It never fails… I always forget about something I want to talk about when I sit down to record the podcast.
I forgot to thank everyone who gave feedback through email, iTunes and even the new call in number! I REALLY appreciated the input. Also, I realized that we are missing a potentially major component to a complete food plot and that is water. So, I decided to do a quick episode on a few ideas of how to get water into that food plot.
This week we discuss options for your spring time plot. Summer feeding food plots are different than the attractant plots we crave in the fall. As such, your choice of seeds differ also. Depending on your location for your honey hole, different varieties of plants will thrive better than others.
I run through a list of common early season food plot plant varieties and explain which ones perform better under which conditions.
Let me start by saying that I was a bit off on this episode. I never pretend to be an expert at this podcasting thing but today I felt like I just started yesterday. It may have been the mention of my father. That still throws me for a loop when I think about it. The good thing is that nobody can fire me for doing a bad job and I have plenty of time to put together a better presentation.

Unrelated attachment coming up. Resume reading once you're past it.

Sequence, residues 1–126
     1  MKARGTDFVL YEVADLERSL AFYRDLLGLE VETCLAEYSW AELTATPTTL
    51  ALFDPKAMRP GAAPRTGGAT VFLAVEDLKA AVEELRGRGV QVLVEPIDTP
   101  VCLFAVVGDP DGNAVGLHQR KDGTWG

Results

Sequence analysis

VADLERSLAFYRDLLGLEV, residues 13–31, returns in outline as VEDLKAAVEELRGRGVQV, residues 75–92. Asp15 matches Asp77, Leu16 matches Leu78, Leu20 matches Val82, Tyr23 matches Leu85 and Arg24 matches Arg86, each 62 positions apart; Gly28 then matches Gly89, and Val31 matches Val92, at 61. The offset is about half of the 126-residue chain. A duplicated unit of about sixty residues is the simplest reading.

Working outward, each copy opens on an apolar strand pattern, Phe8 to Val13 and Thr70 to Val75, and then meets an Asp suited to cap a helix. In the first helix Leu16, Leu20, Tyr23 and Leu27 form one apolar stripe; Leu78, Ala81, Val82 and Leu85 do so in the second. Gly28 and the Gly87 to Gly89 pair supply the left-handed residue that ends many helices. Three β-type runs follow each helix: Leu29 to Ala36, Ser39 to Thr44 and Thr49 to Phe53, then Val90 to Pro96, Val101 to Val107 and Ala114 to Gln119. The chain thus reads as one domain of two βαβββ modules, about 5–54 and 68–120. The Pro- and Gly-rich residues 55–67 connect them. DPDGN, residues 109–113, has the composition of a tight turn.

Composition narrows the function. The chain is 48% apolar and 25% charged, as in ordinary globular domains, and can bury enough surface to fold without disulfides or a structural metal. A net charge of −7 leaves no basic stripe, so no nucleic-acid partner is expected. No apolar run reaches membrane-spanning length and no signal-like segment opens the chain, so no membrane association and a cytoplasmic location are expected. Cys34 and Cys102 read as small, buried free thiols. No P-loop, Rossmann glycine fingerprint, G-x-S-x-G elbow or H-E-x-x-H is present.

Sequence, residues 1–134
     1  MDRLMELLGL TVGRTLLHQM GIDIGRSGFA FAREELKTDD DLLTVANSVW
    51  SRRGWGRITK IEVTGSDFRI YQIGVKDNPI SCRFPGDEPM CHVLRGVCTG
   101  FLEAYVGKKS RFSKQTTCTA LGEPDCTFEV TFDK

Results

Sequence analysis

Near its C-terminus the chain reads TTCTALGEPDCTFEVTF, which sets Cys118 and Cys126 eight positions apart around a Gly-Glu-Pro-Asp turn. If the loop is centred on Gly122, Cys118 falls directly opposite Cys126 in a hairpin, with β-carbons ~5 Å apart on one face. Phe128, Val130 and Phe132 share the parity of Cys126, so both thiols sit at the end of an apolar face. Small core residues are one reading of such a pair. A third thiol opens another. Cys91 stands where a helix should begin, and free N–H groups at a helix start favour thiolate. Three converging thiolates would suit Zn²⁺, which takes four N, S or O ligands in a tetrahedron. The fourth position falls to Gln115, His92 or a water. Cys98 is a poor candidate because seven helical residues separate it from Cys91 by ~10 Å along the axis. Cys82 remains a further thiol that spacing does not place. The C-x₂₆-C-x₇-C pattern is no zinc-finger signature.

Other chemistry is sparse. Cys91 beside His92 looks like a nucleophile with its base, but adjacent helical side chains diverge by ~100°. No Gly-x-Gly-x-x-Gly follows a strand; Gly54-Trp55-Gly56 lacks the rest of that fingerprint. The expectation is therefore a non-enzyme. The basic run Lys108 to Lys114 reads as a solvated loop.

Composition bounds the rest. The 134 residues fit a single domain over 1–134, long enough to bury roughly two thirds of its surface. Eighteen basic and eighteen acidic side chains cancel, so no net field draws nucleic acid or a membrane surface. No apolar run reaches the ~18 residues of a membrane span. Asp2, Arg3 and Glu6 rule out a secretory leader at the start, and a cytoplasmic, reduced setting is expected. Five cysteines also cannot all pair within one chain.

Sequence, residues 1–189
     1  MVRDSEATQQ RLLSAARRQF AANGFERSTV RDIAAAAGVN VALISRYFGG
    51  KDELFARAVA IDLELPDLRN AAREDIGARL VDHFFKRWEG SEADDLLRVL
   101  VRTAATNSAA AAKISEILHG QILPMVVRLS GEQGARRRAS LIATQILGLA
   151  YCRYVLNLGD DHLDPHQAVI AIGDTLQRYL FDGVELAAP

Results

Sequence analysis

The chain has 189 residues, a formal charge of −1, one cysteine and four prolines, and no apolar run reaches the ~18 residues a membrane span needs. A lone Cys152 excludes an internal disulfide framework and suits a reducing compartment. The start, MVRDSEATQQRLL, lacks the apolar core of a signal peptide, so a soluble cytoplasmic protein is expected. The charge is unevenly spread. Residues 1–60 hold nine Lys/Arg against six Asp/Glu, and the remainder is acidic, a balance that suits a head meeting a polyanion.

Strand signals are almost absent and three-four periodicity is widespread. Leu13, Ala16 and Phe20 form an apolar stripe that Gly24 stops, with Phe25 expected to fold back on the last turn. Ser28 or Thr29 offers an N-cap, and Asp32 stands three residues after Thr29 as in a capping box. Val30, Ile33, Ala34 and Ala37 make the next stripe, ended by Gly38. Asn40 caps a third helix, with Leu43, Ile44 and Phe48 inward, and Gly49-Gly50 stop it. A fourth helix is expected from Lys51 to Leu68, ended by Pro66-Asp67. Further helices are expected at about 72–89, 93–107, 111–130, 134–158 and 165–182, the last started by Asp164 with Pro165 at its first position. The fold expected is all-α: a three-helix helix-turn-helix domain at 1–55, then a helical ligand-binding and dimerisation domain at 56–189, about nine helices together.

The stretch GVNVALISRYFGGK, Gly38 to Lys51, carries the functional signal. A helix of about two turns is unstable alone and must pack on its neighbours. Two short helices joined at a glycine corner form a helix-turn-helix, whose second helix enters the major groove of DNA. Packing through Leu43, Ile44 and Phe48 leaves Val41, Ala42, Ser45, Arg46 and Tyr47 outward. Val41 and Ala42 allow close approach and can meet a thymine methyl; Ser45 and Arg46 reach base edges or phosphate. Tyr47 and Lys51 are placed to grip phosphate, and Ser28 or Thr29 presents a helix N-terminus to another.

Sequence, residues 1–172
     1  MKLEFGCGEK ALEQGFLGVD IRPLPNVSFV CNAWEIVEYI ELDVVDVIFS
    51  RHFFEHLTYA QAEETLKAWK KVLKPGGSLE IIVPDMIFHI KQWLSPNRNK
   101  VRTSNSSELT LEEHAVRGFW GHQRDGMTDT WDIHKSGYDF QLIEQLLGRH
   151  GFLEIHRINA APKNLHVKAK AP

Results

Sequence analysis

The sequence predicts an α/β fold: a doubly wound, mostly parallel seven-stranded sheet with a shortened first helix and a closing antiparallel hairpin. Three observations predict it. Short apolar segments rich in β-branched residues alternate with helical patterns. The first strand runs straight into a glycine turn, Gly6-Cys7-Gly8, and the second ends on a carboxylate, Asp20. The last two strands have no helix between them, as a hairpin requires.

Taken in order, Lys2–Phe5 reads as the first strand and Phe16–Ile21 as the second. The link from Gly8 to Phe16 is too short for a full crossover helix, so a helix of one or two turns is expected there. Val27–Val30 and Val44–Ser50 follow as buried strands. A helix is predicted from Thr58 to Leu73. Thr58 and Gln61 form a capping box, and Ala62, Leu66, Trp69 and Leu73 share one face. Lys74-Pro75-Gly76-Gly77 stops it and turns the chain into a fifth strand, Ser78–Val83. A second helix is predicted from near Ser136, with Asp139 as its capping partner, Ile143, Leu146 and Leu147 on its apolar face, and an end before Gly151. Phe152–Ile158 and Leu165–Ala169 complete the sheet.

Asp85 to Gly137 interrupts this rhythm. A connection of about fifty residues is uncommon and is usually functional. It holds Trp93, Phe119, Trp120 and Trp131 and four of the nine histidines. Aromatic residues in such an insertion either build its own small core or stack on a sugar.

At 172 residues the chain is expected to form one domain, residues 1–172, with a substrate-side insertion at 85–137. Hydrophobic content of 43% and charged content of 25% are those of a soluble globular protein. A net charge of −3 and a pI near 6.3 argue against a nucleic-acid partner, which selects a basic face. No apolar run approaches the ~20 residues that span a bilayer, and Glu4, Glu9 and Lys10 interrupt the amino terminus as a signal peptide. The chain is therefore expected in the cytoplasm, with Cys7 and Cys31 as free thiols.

Anywho… This episode is dedicated to food plots; mainly, woodland food plots. I try to explain what you need to think about when planning a food plot.
Here is a video of my food plot plans. I go into detail on how I am laying out the plot and why I am putting there. I also take time to talk about a secondary plot that I am planning for the pond at the bottom of my property.
In this weeks episode I talk a bit about my plans for creating a little “honey hole” food plot in my backyard. Since I recorded this from the mobile studio, otherwise known as my Honda Ridgeline, you will notice some background noise. Sorry for that. Hopefully, this episode can give you some ideas about how you can create your own little honey holes around your hunting sites.